• To start the service that demonstrates a specified text and accompanying images in the notification bar

With the ability to cover phone calls as well as periodically monitor the activity of the infected device's screen, Android.Titan.1 enables cynercriminals to instruct the Trojan to make a call when the infected device is kept in standby mode for a long time. Upon that, just after the start of the phone call, the screen is locked again, so the user is unlikely to have any suspicion that cybercriminals make an unwanted call.

Android.Titan.1 is able to monitor all inbound SMS messages and hide from the user those ones that match the virus writers' criteria. In addition, the command and control server receives detailed information about all inbound SMS including information about the sender, date and time of sending as well as their contents. If it is not possible to send the information, the malicious program places the received data in a special database stored on the device locally, and waits for the Internet connection to load the queued information to the server.

In addition, Android.Titan.1 implements another dangerous feature. Every minute the Trojan checks whether the user makes a call. If so, the call is recorded into the amr file and the result is stored in Trojan’s working directory. In future, this file together with the detailed information about the user's calls is uploaded to a remote server, and if there is no connection to the Internet, it is queued as in the case of intercepted short messages. The Trojan can also block inbound or outbound calls from certain numbers, answer to the calls and remove them from the system log.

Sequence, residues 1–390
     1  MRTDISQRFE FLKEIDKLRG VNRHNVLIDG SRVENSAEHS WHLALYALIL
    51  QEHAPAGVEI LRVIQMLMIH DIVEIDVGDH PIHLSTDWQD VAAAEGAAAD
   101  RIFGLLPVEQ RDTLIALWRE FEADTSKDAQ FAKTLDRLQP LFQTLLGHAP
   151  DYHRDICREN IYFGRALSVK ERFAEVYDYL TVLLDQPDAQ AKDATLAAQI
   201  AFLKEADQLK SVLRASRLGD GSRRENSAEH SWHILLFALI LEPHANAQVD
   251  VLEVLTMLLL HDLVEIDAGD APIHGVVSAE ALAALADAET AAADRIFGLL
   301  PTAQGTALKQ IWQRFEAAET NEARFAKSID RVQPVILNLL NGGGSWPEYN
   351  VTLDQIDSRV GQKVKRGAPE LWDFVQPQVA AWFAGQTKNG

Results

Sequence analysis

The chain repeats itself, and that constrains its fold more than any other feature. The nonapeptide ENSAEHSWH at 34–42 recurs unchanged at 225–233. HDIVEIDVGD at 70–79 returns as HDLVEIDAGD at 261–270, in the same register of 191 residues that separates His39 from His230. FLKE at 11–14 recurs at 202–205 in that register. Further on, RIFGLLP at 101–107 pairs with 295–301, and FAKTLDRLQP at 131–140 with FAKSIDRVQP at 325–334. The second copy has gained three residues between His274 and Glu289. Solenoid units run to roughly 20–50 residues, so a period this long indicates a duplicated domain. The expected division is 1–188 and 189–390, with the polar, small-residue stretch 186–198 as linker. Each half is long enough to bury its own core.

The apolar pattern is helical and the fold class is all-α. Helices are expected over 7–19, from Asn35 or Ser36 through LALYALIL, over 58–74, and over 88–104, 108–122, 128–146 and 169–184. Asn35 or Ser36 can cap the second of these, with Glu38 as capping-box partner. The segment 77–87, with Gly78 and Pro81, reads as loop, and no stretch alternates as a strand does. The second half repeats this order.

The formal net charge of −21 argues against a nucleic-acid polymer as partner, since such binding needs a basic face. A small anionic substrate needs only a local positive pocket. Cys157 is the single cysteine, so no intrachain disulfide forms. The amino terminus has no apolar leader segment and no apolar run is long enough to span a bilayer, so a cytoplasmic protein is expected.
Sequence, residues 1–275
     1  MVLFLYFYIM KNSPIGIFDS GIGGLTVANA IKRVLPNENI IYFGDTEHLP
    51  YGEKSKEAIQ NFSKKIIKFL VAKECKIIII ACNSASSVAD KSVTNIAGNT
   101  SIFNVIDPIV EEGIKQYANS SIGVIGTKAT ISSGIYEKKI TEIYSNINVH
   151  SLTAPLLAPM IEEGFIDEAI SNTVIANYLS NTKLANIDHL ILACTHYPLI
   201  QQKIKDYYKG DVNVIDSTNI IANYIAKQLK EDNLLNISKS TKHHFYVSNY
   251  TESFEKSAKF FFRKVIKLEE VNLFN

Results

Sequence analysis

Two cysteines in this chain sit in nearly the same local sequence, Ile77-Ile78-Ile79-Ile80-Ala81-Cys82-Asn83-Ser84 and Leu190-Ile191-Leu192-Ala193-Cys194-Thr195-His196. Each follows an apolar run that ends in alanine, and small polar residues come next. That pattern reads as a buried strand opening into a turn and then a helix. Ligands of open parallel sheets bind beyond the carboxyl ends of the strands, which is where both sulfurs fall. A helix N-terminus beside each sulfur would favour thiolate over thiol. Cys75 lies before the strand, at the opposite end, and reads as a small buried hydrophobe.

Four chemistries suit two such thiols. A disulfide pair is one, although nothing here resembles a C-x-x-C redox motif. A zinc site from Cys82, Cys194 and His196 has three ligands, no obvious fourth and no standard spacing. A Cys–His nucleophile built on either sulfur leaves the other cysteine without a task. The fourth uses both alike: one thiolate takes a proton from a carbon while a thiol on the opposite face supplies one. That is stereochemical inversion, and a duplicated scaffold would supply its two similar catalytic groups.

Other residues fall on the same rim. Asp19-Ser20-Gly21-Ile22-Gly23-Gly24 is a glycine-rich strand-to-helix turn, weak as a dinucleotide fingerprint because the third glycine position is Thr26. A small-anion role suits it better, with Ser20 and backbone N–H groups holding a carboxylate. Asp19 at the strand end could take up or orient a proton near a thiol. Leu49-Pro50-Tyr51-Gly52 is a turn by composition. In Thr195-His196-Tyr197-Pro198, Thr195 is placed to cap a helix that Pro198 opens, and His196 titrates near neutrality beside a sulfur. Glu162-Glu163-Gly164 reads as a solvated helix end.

The main feature of this Trojan is that its basic functionality is implemented as a separate Unix library (detected as Android.Titan.2), while the majority of known malicious programs for Android usually contain such features in a standard executable dex-file. In the case with Android.Titan.1, dex-file is used only as an auxiliary component that contains the minimum necessary features for Trojan's operation. Such technique is quite rare when creating malicious application for Android, and because of that, many anti-virus programs are unable to detect this dangerous application.

According to Doctor Web security researchers, Android.Titan.1 is still under development because it contains a number of bugs and some of its features remain unimplemented. Therefore, we cannot exclude the occurrence of even more functional version of this dangerous malicious application in future.

Doctor Web security researchers informed the tech support of the file-sharing service where the Trojan was placed, and now the page from which it was downloaded is unavailable. However, nothing prevents the cybercriminals from hosting the Trojan at any similar site. Dr.Web for Android and Dr.Web for Android Light successfully detect and remove Android.Titan.1, so the users of Doctor Web mobile anti-virus solutions are under the reliable protection.